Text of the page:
Are you a first-time gun owner? A new shooter? Did you just buy a new (or new to you) handgun? Here’s some helpful information for anyone who just bought new firearm. What I will cover can be applied to handguns, rifles, and shotguns.
Whether the gun is intended for self-defense, home defense, concealed carry, or a shooting range, here are some good initial steps to take.
The first thing you should do when you buy a new gun is read the owner’s manual. There are three primary things you should be looking for:
- First, how to operate the firearm. Learn about how your new gun works and where the key components are like the safeties, the takedown lever/button, slide stop, etc.
- Second, learn how to field strip it. Field stripping is (usually) basic tool-less disassembly, such as separating the slide from the frame and removing the barrel and recoil spring on a GLOCK, Smith & Wesson or other similar semi-automatic pistol.
- Third, recommended maintenance and lubrication (both type and location).
YouTube can be helpful here, too.
The next thing you should do is clean your gun. This isn’t critical in my opinion…I’m honestly not sure if I’ve cleaned any of my guns straight from the box. Most come already clean and lubricated, but that’s not always the case. Check yours to make sure.
On that note, none of mine have come with excessive or even noticeable amounts of packing grease, but some new (and some used) guns do. A good cleaning and a fresh coat of a good gun oil will made them run smoothly.
Packing grease/oil is there to prevent corrosion, not facilitate smooth operation, so if you do notice grease on your gun, clean it off. This packing grease or storage oil can impede the proper function of a new gun causing malfunctions.
Cleaning it off is a good way to ensure it isn’t the culprit if something goes wrong. This DEFINITELY applies to older guns that can come caked in cosmoline. Clean that off. Cleaning your new gun also increases your familiarity with the new firearm and perfectly sets up the next and most important step.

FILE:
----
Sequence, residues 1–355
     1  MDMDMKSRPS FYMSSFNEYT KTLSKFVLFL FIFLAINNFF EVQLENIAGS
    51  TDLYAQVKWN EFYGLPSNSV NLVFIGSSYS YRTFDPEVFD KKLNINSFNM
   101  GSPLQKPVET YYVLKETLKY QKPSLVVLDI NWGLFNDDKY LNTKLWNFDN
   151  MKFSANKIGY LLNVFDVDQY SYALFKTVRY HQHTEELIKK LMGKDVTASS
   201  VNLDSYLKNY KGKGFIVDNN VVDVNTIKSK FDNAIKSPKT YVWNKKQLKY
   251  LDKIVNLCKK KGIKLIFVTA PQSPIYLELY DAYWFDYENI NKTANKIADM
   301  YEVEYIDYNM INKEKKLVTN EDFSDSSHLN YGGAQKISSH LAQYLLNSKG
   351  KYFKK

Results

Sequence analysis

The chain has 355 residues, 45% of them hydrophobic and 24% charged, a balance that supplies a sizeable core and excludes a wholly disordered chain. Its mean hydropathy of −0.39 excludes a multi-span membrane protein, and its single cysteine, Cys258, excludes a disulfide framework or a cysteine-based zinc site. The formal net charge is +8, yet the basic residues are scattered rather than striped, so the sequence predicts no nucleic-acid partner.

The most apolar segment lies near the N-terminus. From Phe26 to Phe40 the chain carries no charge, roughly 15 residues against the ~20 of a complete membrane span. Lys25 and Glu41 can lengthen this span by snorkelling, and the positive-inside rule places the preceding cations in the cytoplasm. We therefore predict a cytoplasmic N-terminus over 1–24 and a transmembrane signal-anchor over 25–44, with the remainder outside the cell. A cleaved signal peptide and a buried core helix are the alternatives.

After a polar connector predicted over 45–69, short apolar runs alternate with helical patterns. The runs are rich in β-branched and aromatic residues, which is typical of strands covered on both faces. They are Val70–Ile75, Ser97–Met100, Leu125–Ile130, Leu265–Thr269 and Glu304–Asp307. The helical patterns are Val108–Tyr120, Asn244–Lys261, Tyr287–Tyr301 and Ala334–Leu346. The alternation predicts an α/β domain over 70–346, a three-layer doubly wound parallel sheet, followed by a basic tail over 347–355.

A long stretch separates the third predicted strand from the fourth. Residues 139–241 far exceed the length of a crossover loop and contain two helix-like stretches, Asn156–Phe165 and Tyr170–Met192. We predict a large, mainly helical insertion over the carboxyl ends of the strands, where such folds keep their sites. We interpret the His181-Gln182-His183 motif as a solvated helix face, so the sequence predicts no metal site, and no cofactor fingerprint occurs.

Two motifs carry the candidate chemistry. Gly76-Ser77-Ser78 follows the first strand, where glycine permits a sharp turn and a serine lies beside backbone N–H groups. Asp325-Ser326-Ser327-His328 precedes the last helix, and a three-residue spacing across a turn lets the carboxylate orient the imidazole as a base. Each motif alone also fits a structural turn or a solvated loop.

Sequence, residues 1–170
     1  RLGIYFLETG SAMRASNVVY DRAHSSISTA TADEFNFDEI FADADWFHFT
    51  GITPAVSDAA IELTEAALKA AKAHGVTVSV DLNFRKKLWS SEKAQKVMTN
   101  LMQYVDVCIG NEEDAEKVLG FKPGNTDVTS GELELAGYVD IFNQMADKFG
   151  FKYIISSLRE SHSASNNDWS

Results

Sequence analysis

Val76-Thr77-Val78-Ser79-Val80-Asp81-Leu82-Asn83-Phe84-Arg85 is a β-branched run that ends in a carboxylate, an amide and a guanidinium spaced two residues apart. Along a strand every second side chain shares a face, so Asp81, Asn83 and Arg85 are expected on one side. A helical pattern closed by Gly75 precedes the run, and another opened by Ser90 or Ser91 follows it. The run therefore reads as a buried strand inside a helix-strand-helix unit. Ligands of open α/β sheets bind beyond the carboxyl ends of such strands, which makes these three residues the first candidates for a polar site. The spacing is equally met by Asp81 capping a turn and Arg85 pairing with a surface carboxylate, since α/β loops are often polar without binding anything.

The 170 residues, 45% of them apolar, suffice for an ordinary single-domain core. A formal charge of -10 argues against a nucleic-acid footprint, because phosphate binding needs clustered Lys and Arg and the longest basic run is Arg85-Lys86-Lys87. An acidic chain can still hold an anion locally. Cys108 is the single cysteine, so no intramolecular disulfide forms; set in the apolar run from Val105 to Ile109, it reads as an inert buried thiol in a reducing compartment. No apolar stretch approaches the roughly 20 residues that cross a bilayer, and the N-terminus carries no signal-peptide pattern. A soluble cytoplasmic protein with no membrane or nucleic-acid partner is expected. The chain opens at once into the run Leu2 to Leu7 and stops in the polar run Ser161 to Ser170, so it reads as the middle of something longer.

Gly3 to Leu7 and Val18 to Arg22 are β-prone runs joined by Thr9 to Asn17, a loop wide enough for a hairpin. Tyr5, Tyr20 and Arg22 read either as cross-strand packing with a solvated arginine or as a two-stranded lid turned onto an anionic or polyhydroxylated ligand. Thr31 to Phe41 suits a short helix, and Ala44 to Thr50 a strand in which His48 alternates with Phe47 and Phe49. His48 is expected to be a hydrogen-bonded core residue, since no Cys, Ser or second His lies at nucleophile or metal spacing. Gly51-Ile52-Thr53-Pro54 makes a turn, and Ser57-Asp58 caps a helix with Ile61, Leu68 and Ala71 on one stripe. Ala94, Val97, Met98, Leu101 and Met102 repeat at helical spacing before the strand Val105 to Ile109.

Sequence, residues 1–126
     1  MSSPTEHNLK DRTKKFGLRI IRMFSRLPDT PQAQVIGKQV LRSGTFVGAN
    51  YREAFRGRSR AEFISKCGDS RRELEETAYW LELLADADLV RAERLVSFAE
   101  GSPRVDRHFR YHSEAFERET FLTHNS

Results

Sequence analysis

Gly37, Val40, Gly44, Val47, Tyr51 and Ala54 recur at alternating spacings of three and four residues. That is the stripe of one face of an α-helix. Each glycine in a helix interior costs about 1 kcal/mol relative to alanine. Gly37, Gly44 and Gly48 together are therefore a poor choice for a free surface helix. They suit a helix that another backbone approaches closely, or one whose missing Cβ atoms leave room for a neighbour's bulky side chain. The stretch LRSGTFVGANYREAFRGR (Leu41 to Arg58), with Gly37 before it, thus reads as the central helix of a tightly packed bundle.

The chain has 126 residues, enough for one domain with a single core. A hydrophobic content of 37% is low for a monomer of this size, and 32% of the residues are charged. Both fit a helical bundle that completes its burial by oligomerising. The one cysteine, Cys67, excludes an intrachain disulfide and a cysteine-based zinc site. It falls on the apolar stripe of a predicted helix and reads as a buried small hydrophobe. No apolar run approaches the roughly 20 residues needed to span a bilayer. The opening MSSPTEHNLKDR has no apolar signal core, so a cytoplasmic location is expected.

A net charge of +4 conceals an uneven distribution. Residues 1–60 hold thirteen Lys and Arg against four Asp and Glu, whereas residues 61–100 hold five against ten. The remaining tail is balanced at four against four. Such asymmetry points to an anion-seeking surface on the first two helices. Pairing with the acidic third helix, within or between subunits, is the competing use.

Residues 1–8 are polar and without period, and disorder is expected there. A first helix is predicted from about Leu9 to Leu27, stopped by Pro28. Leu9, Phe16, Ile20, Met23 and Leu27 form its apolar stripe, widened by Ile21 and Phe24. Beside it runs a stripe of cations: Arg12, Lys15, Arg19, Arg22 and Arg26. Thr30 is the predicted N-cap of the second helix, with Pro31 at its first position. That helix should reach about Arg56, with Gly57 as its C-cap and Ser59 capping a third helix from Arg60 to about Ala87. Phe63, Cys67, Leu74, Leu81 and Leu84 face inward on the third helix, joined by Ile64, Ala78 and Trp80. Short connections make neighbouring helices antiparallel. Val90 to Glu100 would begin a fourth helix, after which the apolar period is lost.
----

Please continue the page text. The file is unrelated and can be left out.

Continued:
Then apply some oil. Make sure you apply some good gun lube. This applies primarily to semi-automatic firearms although any gun with moving parts can benefit from proper lubrication.
Lubrication is the key to making any semi-auto gun run smoothly and some guns come from the factory under-lubricated.
A dry gun is the number one culprit for most malfunctions. Don’t shoot a semi-auto gun dry. Manually operated firearms like bolt action rifles or pump shotguns will feel smoother and be easier to operate with proper lubrication.
Another great thing to do if you are a new shooter is to take a class. Unfortunately, there are some hacks out there, so do a little research and find a good one.
A good introductory firearms class is definitely worth the money. A good course for new shooters SHOULD cover everything I addressed above plus some shooting instruction and range time.
The last thing I recommend doing with a new gun is practice. You can do a lot of that without even going to a shooting range.
Buy some snap caps or dummy ammo, then practice manipulating and handling the firearm and dry firing. You should get comfortable with your gun before you take it to the range and put live ammo through it.
I want to emphasize proper safety here. If you do anything with dummy ammo, make sure there is ZERO live ammo anywhere near you. Ideally, remove it from the entire room. This creates a safe space and eliminates any possibility of you making a mistake.
This is a good spot to bring up the four firearm safety rules: 1 – Treat every firearm as if it is loaded. 2 – Never point a gun at something you aren’t willing to destroy. 3 – Keep your finger off the trigger until you are ready to shoot. 4 – Know your target and what is beyond it.
The wording may change slightly here and there, but those are the four pillars of gun safety. Know them and follow them.
There is plenty more to do and learn from here, but that’s mostly on you and where you want to take your shooting.